Lowrie bumped his average up to .310 with Friday’s game. Until he grounded out in the sixth, he’d notched hits in seven consecutive at-bats dating back to Tuesday night. That streak fell one shy of the A’s record for most consecutive hits. Three players share the record at eight — Josh Reddick (in 2016), Dave Magadan (1997) and Brent Gates (1994).

“It’s all about the work,” said Lowrie, whose 15 doubles are tied for third in the AL. “Everything comes together when you’re seeing it well. I’m seeing it well but the approach hasn’t changed.”

With two runners aboard and two out in the eighth, Lowrie punched an RBI single to right off Tyler Clippard for the game’s first run. It was the breakthrough the A’s needed after they’d struck out 13 times in seven innings against Yankees starter Masahiro Tanaka. Khris Davis followed Lowrie’s hit by beating out an infield single to score another run. Then Stephen Vogt added a two-run homer in top of the ninth to make it 4-0, and that provided some cushion as closer Santiago Casilla gave up a run and made things tenser than they should have been in the bottom half.

Davis, the most fearsome hitter in Oakland’s lineup, is thrilled to have a productive Lowrie batting in front of him as the No. 3 man.

“Somebody’s gotta hit .300,” Davis said. “All year he’s been our most consistent hitter and best hitter. I hope he keeps going.”

The A’s have won four in a row at Yankee Stadium dating back to last year. It’s their longest winning streak in the Bronx since a four-gamer at the old stadium in 2006. And it was a good way to begin a seven-game road trip for the A’s, who came in with the league’s worst road record at 6-15.

**

Rosales had puffiness under his right eye and said he was anticipating a shiner after his hard head-first dive into third base didn’t go as planned in the eighth. He scraped up his face pretty good after going first to third on an errant pickoff throw and taking a hard dive into third, only to find the dirt wasn’t giving.

After addressing reporters, Rosales said he was on his way to find an ice pack.

Manaea's 'big mentality switch' keys success in first Yankee Stadium start

Manaea's 'big mentality switch' keys success in first Yankee Stadium start

NEW YORK — Dealt another dose of injury bad news Friday, the A’s got to temporarily push those thoughts aside once Sean Manaea took the mound.

The big lefty shined in his first career outing at Yankee Stadium, matching Masahiro Tanaka pitch for pitch and spinning his best start of the season in a 4-1 A’s victory.

After he walked leadoff man Brett Gardner on four pitches in the first, it conjured up memories of his five-walk outing two starts ago at Seattle. But from that point on Manaea locked in, allowing just four hits over seven innings and striking out eight. Not a single Yankee advanced past second base against him.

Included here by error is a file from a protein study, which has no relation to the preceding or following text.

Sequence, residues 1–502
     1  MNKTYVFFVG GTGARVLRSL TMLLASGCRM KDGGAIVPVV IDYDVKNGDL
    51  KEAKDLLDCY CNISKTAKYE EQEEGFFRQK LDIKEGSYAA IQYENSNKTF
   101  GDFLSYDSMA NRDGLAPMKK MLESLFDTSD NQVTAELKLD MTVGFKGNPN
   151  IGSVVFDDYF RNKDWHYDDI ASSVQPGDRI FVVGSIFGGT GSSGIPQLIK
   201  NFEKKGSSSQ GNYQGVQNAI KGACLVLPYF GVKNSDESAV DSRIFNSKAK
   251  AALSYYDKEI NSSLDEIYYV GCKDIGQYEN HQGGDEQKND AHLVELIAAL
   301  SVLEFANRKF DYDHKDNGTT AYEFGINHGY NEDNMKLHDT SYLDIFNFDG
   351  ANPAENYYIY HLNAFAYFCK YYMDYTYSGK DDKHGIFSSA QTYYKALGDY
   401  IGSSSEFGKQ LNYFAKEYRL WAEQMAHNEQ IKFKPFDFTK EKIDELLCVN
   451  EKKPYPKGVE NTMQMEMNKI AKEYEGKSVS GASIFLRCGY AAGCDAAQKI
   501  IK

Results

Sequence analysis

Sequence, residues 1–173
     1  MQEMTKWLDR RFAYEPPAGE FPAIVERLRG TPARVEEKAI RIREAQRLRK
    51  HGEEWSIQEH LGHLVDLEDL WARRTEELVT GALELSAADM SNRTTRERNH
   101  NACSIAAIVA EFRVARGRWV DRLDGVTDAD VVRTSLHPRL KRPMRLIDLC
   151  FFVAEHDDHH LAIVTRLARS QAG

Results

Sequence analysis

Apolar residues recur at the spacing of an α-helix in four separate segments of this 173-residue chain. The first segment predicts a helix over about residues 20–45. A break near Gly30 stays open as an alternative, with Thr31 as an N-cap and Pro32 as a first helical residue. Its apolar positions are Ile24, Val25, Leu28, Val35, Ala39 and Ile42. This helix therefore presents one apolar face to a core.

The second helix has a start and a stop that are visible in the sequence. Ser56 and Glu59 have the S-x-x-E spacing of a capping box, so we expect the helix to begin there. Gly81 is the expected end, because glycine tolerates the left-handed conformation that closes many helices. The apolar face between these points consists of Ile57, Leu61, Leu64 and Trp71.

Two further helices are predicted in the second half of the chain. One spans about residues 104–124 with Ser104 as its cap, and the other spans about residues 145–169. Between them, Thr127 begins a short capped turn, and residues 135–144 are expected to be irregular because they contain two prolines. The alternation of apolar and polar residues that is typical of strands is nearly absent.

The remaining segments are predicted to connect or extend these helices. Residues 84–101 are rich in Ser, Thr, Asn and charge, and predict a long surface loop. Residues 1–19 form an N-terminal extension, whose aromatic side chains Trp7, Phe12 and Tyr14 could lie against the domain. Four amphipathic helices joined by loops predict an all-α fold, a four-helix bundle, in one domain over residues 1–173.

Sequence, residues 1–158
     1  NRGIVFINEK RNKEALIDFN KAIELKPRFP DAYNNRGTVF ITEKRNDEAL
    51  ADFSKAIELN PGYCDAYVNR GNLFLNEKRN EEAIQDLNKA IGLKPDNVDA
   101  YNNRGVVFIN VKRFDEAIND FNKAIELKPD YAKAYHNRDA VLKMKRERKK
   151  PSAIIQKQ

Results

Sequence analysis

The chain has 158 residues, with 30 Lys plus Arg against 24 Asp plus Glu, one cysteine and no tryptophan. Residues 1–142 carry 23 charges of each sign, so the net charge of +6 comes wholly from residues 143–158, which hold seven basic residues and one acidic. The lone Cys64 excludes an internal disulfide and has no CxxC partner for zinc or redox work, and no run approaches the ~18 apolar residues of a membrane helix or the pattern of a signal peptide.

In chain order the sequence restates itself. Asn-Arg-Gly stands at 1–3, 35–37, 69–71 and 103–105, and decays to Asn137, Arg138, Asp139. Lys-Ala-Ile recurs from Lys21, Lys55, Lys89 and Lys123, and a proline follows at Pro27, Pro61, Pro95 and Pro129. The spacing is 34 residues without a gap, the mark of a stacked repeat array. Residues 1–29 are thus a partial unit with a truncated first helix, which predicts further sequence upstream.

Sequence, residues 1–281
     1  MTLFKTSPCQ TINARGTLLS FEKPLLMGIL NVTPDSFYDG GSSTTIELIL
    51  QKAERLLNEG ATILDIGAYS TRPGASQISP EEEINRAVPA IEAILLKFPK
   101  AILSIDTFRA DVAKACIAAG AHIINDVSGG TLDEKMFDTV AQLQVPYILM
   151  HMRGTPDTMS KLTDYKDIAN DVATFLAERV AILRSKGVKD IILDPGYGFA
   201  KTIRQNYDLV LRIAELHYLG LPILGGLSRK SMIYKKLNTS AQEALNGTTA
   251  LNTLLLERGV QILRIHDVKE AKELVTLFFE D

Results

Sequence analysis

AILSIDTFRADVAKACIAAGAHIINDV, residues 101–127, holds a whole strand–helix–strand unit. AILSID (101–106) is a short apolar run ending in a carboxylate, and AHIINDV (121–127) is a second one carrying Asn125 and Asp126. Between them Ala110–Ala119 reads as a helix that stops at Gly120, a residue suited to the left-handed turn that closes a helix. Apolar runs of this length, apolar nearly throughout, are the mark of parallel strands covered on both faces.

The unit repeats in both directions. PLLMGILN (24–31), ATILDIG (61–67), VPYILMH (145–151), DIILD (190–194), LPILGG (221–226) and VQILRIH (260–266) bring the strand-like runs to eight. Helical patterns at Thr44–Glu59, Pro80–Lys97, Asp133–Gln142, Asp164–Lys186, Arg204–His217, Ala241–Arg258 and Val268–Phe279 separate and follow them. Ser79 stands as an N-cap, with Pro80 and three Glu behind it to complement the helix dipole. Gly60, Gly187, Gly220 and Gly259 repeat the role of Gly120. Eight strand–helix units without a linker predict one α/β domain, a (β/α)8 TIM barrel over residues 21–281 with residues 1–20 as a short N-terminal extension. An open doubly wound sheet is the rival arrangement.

“He was out there chucking,” A’s left fielder Khris Davis said. “He’s got that Chris Sale stuff where people are swinging and missing in the zone. It’s great to see that.”

The day began with news that Opening Night starter Kendall Graveman and fellow starter Jesse Hahn both are likely headed to the disabled list with shoulder and triceps strains, respectively. It continues the cycle of injury woes for the A’s, who have lost every starter except Andrew Triggs to at least one stint on the 10-day DL. With two-fifths of the rotation down for an unknown period of time, Manaea takes on an even more significant role.

“For a young guy we’ve leaned on him pretty hard since he’s gotten here, but now probably a little bit more so,” manager Bob Melvin said.

Yet no matter what is unfolding elsewhere on the pitching staff, the challenge for Manaea always stems from within. He’s talked often this season about the need to be mentally tougher and more aggressive attacking the strike zone. After the leadoff walk to Gardner, Manaea (3-3) said a switch flipped inside of him.

“I was thinking that these guys weren’t gonna hit me at all, and that I just needed to throw strikes and trust the defense,” he said. “I know I can get these guys out. To me it was a big mentality switch, and just believing in myself and trusting everything.”

Tanaka, who has disappointed this season to the tune of a 6.56 ERA entering Friday, put it together against Oakland and rang up a career-high 13 strikeouts without a single walk. But Manaea was more than up to the task, keeping New York off the board until the A’s scored twice in the eighth to snap a scoreless tie off former Athletic Tyler Clippard, who relieved Tanaka to start that inning.

“He was pitching with a lot of confidence, and that’s what I love to see,” A’s catcher Stephen Vogt said of Manaea. “He wants the ball, wanted to keep going out there. It was awesome.”